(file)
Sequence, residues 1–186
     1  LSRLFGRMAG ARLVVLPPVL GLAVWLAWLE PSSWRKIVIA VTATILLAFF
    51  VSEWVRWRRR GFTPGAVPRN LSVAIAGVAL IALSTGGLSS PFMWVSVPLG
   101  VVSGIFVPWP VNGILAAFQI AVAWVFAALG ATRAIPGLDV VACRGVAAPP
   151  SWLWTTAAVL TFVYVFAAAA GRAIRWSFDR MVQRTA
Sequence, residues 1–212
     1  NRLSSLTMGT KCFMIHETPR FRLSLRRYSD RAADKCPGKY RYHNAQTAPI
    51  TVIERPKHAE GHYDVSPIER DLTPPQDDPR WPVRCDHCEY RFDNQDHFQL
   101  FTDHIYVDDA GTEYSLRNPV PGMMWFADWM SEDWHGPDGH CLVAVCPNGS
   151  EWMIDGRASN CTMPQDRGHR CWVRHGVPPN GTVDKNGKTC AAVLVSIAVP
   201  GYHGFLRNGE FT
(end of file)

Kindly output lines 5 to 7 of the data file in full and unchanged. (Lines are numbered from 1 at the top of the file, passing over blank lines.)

   151  SWLWTTAAVL TFVYVFAAAA GRAIRWSFDR MVQRTA
Sequence, residues 1–212
     1  NRLSSLTMGT KCFMIHETPR FRLSLRRYSD RAADKCPGKY RYHNAQTAPI